Chell Goes Long on ASPs with $30 Million Investment

Canada’s Cameron Chell, founder
and CEO of Chell.com, gave
Australian Application service providers (ASPs) a
boost Friday when he announced the launch a U.S. $30
million venture capital fund to assist the growth of
start up Internet ASP companies in Australia.

Chell’s own focus on ASPs may be inspired by a
personal affinity with ASPs, they have after all made
him an extremely rich 31 year old, but a greater focus
on specific B2B areas of the ‘new economy’ looks to be
the emerging VC trend.

“We believe Australia could — and should — become
the financial hub of what is going to be a
multi billion dollar Asia Pacific ASP market,” Chell
told an audience at ASPCON 2000 in Sydney on Friday
after announcing the US $30 million fund. Chell.com
balks at the “incubator” title, preferring “strategy
bank,” to describe its stable of ASPs.

In the Australian ASP market Chell believes those
with local market dominance (read Telstra Corp.) will
eventually win out but “. . .there are still huge
opportunities for smaller companies in Australia. The
key to success for smaller companies, here, as
everywhere else, is going to the ability to move fast,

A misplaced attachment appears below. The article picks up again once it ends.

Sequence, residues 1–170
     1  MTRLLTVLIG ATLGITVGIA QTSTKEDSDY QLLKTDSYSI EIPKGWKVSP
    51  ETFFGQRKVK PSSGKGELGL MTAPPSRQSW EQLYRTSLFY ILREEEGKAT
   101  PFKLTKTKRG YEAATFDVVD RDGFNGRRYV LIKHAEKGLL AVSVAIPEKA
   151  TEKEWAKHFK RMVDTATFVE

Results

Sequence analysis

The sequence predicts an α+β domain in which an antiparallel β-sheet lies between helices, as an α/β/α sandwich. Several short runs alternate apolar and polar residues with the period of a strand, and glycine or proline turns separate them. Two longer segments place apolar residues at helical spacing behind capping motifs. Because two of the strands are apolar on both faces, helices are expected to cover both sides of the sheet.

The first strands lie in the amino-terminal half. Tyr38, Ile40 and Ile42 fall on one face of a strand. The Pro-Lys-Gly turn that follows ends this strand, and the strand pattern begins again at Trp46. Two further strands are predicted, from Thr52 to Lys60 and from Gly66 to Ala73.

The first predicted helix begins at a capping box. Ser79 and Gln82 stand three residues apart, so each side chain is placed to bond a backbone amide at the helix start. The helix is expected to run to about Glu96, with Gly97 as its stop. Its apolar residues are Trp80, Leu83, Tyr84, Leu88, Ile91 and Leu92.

gain market access — and venture capital,” said Chell.
Looks like he might have a little trouble fulfilling
the Chell mission, “to create rapid growth ‘Industry
Dominators’ with the latest in technology innovation”
here.

Forrester
Research
puts the global ASP market at U.S. $21
billion by 2001. However, Chell and industry analysts
feel this figure is on the conservative side. “As I’ve
come to understand the ASP story the potential is
enormous,” said
Hartley Poynton
IT&T analyst David Leslie.

With market giants Sun
Microsystems
and Oracle Corp. working
with budding Australian ASPs like Thin Technologies,
applications designed to be served up to end users
rather than residing on a local machine should become
more readily available. The major concern for upcoming
ASPs is that software juggernaut Microsoft Corp.
has stated it will ramp up its own ASP efforts and
still charge usual licensing fees for users of the
ubiquitous Office suite of products. The growth of
ASPs will have to be accompanied by growth in servable
applications unless Microsoft decides to opt out of
the potentially huge market.

Chell’s own Application service provider (ASP)
company,
FutureLink Distribution Corp.
, is listed on the U.S.
Nasdaq technology exchange with a market
capitalization of around $US1.1 billion. It had a dog
day the same day Chell announced the Australian ASP
fund, dropping 9.41% to close at $32.

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